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Old 12-30-2019, 02:11 AM
Guynextdoor Guynextdoor is offline
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I think when activities are made taboo, they become more appealing to younger people. As we place more age restrictions and expectations on when someone should be allowed to do something they will often become curious as to why it is prohibited. We allow our kids to drink soda spiked with caffeine and nobody bats an eye, because it's not taboo to consume such items in most social structures.

If we think of how the United States places substances in a taboo category we realize why our country has so much crime. In other cultures, having a glass or wine or beer at dinner with your parents isn't a big deal, but in the US it is considered child abuse. How many people can say their first drink was when they were 21 years or older? By making it taboo, sets an appeal to try such things. The same can be said for sex, drugs, or other delinquent behaviors. I think being open and honest with our children is really how we can prepare them to be responsible adults. I would be delusional to assume that my son would never try drugs, alcohol, or have sexual relations before he is an adult. But by being honest and open and removing the element of taboo, I know if such opportunity arises he would be educated enough to know the consequences and benefits of exploring those vices without becoming a deviant toward them or putting himself in a dangerous situation like driving drunk without knowing how alcohol would affect him.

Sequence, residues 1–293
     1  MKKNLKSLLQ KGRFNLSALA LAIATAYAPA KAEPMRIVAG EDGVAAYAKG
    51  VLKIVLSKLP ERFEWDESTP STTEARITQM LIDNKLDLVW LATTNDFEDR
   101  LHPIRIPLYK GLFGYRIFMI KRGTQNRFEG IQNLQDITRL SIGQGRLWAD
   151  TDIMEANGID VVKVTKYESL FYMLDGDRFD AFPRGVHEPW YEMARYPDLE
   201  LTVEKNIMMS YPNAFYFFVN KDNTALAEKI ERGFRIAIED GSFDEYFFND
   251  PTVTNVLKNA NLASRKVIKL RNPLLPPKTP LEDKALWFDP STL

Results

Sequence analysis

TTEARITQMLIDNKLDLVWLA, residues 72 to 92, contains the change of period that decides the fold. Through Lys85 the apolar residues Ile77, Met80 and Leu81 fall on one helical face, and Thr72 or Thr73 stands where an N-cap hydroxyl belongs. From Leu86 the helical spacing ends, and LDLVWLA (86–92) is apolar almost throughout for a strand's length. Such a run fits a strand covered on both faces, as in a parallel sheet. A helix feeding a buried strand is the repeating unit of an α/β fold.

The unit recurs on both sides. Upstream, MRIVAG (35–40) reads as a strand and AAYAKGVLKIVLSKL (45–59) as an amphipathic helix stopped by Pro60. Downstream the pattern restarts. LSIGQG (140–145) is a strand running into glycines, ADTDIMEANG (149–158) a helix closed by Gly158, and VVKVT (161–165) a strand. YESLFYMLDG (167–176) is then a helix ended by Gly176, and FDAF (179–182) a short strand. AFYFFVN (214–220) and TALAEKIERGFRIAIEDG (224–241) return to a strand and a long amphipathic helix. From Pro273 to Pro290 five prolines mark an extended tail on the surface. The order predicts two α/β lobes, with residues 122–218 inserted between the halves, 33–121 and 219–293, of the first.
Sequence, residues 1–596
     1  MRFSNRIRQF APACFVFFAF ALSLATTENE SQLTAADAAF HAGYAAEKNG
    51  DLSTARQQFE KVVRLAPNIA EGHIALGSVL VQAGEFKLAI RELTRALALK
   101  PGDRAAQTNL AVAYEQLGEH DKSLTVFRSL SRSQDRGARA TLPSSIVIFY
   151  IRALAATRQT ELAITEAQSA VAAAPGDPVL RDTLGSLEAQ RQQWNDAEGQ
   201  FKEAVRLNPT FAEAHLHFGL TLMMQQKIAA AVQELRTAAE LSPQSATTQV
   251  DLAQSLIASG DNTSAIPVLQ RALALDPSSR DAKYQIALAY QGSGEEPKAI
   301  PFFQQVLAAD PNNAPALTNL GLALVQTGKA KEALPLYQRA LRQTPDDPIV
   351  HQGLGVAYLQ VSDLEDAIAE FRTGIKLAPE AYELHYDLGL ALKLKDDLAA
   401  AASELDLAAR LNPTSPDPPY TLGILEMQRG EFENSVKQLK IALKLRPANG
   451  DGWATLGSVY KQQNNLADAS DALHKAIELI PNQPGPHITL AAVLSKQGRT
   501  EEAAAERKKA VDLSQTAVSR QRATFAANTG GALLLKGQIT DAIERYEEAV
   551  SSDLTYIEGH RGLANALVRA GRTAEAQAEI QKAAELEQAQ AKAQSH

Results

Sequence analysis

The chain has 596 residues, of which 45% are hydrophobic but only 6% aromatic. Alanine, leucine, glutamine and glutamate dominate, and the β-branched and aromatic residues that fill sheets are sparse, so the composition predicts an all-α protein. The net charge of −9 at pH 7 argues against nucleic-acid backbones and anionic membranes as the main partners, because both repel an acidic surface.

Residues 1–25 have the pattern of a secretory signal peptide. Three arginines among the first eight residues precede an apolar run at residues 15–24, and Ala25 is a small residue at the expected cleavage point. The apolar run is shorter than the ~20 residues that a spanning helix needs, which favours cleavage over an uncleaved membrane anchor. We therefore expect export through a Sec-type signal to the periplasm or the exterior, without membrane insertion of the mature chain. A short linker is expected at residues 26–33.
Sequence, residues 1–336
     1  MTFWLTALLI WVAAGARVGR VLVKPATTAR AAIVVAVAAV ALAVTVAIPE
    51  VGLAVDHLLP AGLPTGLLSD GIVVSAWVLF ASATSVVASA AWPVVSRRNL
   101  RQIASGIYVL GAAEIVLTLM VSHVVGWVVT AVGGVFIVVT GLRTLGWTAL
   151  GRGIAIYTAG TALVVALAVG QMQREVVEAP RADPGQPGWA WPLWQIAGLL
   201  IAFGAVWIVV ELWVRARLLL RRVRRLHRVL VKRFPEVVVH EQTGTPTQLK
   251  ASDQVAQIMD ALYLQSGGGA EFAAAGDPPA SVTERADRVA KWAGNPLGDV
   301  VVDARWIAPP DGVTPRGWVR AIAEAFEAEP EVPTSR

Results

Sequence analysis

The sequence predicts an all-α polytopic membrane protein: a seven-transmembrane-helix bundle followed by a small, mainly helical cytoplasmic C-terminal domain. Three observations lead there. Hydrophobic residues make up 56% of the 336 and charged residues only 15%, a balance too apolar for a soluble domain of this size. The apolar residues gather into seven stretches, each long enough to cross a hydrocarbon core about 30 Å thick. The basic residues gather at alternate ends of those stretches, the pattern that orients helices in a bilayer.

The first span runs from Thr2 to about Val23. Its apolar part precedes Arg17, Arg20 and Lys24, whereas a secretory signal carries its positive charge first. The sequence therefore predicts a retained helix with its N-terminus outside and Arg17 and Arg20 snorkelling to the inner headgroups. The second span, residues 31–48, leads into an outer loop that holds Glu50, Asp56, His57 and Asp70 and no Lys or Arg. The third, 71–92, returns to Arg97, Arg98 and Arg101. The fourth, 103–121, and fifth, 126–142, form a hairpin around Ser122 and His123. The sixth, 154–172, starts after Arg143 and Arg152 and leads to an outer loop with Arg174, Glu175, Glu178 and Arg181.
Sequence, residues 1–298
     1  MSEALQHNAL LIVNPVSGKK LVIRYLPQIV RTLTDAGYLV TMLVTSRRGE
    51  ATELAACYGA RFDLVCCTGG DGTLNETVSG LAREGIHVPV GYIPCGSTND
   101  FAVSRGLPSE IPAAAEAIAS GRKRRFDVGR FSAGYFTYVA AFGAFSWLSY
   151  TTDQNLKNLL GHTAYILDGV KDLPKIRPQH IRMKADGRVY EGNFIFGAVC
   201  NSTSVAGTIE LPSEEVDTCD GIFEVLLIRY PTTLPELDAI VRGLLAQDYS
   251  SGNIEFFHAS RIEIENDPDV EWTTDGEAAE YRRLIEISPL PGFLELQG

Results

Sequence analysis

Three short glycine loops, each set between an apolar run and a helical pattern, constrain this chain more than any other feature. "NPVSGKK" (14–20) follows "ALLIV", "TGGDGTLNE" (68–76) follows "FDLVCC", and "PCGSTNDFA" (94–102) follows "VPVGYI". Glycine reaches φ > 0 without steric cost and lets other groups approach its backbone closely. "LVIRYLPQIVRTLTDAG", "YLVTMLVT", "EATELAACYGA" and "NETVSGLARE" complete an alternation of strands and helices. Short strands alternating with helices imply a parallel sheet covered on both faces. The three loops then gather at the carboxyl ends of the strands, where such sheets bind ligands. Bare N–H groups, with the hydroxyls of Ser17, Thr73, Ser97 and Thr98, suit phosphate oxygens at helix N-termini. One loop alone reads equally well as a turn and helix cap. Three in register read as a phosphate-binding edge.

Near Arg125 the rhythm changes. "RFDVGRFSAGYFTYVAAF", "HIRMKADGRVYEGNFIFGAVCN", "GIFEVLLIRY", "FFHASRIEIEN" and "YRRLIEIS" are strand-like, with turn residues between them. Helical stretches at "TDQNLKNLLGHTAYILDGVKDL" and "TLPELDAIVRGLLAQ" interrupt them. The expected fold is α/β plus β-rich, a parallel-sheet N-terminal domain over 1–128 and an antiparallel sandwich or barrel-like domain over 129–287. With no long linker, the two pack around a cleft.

Everyone parents differently and any parent who thinks they are doing a perfect job is the one who is probably failing the most. If we think about what our parents did versus how we would raise our children we find that parenting is a practice that is never perfect and only by exploring different ways to parent do we discover what is right for our own children.

I would rather give my son a cigarette at the age of ten than have him get into trouble by exploring those curiosities in an unsafe environment. It isn't about being a good dad or being a cool dad, it just about being a dad. If you're there for your kids when they want to learn about something, the lessons you teach them will remain with them to rely on when those taboo opportunities come about and you are not there.
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